Argument promotes one point of view, so it is seldom objective. However, college writing requires that you stay within the bounds of fairness and avoid bias. To be sure that the support for your argument is not misleading or distorted, you should take the following steps.
Avoid Distorting Evidence. You distort evidence when you misrepresent it. Writers sometimes intentionally misrepresent their opponents’ views by exaggerating them and then attacking this extreme position. For example, a senator of a northeastern state proposed requiring unmarried mothers receiving welfare to identify their children’s fathers and to supply information about them. Instead of challenging this proposal directly, a critic distorted the senator’s position and attacked it unfairly.
What is the senator’s next idea in his headlong rush to embrace the extreme right-wing position? A program of tattoos for welfare mothers? A badge sewn on to their clothing identifying them as welfare recipients? Creation of colonies in which welfare recipients would be forced to live like lepers? How about an involuntary relocation program into concentration camps?
Avoid Quoting Out of Context. A writer or speaker quotes out of context by taking someone’s words from their original setting and using them in another. When you select certain statements and ignore others, you can change the meaning of what someone has said or suggested.
Mr. N, Township Resident: I don’t know why you are opposing the new highway. According to your own statements, the highway will increase land values and bring more business into the area.
Ms. L, Township Supervisor: I think you should look at my statements more carefully. I have a copy of the paper that printed my interview, and what I said was [reading]: “The highway will increase land values a bit and bring some business to the area. But at what cost? One hundred and fifty families will be displaced, and the highway will divide our township in half.” My comments were not meant to support the new highway but to underscore the problems that its construction will cause.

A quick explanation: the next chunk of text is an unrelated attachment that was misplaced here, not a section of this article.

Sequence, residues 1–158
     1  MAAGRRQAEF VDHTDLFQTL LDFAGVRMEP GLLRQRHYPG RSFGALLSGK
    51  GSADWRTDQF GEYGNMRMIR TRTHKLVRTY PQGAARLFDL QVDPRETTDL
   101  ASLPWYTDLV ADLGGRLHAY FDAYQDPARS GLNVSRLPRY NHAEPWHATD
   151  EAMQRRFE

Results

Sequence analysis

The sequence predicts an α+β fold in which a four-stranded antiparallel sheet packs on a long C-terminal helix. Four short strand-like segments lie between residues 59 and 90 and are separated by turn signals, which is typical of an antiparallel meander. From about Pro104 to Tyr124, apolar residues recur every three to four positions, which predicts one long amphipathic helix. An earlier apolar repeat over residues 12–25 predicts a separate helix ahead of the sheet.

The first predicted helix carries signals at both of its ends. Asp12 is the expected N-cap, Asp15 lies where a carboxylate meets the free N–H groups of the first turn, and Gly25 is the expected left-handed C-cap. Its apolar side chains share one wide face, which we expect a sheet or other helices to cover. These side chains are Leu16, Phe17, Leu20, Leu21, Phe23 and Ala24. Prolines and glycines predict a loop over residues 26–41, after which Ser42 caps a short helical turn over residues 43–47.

Avoid Slanting. You slant information when you select only information that supports your case and ignore information that does not. Slanting also occurs when you use inflammatory language to create bias. For example, a national magazine slanted its information when it described a person accused of a crime as “a hulk of a man who looks as if he could burn out somebody’s eyes with a propane torch.” Although one-sided presentations frequently appear in tabloids and some popular magazines, you should avoid such distortions in your argumentative essays.
Avoid Using Unfair Appeals. Traditionally, writers of arguments use three kinds of appeals to influence readers: logical appeals address an audience’s sense of reason; emotional appeals play on the emotions of a reader; and ethical appeals call the reader’s attention to the credibility of the writer.
Problems arise when these appeals are used unfairly. For example, writers can use fallacies to fool readers into thinking that a conclusion is logical when it is not. Writers can also employ inappropriate emotional appeals—to prejudice or fear, for example—to influence readers. And finally, writers can unfairly use their credentials in one area of expertise to bolster their stature in another area that they are not qualified to discuss.